Some reports also suggest that typhoons can only be counterclockwise ("anti-clockwise" in British English) while hurricanes can be both anti-clockwise and clockwise.

Areas where hurricanes and typhoons occur

Figures suggest the most common area for a Hurricane to occur is the Caribbean Sea while typhoons have a frequent occurrence off the coast of South East Asia.

Names of hurricanes and typhoons

Some commonly occurring hurricanes and typhoons have been named to categorize them. The names of Hurricanes are given each year. A few hurricanes named in the Atlantic in 2007 are Andrea, Barry and Dean. Some Typhoons named in the Western North Pacific and the South China Sea are Damrey, Langwang and Kirogi. Typhoons in the Chinese and Japanese regions are named after living things and often objects like flowers, rivers etc. Check out every hurricane name since 1950.

News about Hurricanes


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Comments: Hurricane vs Typhoon

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Anonymous comments (12)

October 18, 2009, 12:17pm

Excellent! I have wondered about the distinction between the two for years. Finally googled it, this was the first site and here isnthe answer. Thanks!

— 71.✗.✗.143
2

November 11, 2013, 2:37pm

1992 Hurricane Andrew was crazy , scariest days of my life . Lotta love for Florida and City of Homestead for bouncing back from that tragedy !

— 172.✗.✗.168
1

June 5, 2013, 4:19pm

Here is the difference: Typhoon is the Japanese word for hurricane, it means "great wiind". So if a hurricane occurs near Japan it is called a typhoon. It is that easy.

— 132.✗.✗.79
1

February 19, 2011, 7:44am

well, me and my boyfriend are debating about hurricane and typhoon thats why i got into this page..questions still unanswered...

— 112.✗.✗.48
1

November 22, 2010, 9:06pm

For the guy that said he the article is not entirely true, it is. If you were to actually read the whole thing, it states that hurricanes are in the Atlantic AND the east pacific (Hawaii). And typhoons are in the west pacific, past the international date line.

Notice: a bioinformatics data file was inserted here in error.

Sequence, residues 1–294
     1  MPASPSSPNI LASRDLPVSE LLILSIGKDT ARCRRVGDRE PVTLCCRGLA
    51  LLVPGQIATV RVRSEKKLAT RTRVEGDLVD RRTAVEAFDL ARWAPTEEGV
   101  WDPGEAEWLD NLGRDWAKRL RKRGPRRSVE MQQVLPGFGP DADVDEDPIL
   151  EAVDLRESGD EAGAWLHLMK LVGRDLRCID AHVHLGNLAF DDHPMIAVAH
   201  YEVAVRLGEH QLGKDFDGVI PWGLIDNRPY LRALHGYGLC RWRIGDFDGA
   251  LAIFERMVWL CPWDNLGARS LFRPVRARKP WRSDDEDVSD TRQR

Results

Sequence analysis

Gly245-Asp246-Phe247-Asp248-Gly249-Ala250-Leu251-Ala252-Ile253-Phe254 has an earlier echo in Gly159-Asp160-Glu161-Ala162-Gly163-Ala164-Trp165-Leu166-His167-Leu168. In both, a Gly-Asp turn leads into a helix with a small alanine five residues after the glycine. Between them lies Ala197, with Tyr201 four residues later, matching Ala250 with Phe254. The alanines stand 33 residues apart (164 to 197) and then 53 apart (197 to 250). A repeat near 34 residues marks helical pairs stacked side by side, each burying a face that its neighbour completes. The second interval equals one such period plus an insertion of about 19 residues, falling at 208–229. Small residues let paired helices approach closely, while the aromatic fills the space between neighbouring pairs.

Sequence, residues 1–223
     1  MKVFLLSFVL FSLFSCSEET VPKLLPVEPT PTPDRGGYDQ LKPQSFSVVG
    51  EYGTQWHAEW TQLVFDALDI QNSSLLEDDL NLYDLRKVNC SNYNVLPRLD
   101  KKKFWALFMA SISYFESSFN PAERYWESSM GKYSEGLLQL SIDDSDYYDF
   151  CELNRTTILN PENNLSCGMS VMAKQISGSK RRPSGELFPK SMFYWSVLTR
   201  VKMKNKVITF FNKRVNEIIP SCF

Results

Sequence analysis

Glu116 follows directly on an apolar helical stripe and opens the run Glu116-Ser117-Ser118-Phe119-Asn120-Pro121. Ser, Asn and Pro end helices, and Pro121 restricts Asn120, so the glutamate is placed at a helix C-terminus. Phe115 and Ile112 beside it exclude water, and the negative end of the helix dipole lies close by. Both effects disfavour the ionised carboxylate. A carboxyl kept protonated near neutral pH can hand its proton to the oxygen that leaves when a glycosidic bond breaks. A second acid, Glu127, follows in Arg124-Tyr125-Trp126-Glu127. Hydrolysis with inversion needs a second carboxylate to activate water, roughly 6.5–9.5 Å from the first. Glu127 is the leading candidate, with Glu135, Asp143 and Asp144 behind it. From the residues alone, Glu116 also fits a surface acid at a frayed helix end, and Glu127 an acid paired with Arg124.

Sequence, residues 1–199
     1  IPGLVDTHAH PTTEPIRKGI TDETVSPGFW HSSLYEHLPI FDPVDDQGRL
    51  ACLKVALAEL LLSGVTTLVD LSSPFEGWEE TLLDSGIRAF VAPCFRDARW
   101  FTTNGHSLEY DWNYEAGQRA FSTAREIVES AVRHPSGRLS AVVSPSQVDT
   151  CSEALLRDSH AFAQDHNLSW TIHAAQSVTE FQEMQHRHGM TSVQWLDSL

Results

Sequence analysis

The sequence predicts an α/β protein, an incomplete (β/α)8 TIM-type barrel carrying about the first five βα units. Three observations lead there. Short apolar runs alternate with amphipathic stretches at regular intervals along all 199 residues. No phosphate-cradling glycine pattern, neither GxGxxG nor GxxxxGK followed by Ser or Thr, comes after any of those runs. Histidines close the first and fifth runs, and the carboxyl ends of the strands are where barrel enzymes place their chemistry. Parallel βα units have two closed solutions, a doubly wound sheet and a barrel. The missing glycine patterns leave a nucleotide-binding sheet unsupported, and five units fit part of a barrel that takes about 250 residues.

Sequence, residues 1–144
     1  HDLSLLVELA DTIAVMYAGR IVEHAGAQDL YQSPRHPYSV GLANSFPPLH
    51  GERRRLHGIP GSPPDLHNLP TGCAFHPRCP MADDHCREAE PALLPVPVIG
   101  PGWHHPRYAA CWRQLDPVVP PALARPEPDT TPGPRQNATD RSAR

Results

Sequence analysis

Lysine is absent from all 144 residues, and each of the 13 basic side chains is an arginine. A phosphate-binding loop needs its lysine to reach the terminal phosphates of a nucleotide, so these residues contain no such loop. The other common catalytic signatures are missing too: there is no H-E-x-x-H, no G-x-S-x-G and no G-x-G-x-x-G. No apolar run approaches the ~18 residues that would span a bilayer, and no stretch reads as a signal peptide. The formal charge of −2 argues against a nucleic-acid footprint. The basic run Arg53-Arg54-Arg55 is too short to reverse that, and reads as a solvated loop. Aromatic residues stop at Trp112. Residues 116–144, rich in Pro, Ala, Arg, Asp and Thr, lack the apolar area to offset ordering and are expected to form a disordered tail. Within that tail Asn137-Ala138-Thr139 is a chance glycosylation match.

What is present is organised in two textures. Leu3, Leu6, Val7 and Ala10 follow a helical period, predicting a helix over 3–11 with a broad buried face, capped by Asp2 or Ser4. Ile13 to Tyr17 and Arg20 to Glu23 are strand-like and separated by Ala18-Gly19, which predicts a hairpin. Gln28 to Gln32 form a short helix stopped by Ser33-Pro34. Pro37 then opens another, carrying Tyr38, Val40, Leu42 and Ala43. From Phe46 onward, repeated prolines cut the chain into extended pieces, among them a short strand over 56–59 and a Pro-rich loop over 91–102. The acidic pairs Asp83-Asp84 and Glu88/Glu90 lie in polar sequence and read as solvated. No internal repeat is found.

— 166.✗.✗.190
1

June 29, 2010, 5:00am

Heck, I've known this for years. Just had to see what the bloomin computer would actually say!

— 72.✗.✗.70
1

November 13, 2009, 4:22am

This article is not entirely true where it says hurricanes are in the Atlantic & Typhoons are in the Pacific. I survived Hurricane Iniki over Hawaii which happens to be in the PACIFIC Ocean. It has to do with the date line...anything that approaches the Asian region are classified as typhoons.

— 67.✗.✗.3
1

November 11, 2013, 3:48am

has a Hurricane ever become a typhoon or vice verse?

— 107.✗.✗.158
0

October 12, 2013, 6:29pm

Had to chuckle at the anonymous commenter who said that the "tai" (not "ty" which is just the English spelling of the word) of typhoon (tai-fu in Japanese) means "great," as in his "great wind." The tai of taifu is a completely different character. The "tai" of taifu is 台 (flat), whereas the tai for "great" is (大). Both Chinese and Japanese use the character 台 in the word taifu (English spelling typhoon). So, it does NOT mean "great wind at all. A little knowledge is a dangerous thing.

— 65.✗.✗.86
0

July 14, 2013, 3:58pm

Funny thing that I heard that differently. Typhoon as in "winds of Taiwan" in chinese. Ty+phoon.

— 50.✗.✗.68
0

October 15, 2013, 8:25am

It's just a different NAME. When it is said a Typhoon is stronger than a Hurricane, it just means the average Typhoon has higher winds than the average Hurricane.

— 65.✗.✗.194
-1

December 6, 2012, 1:08am

This is awesome. But I want to know which is stronger.

— 71.✗.✗.160
-3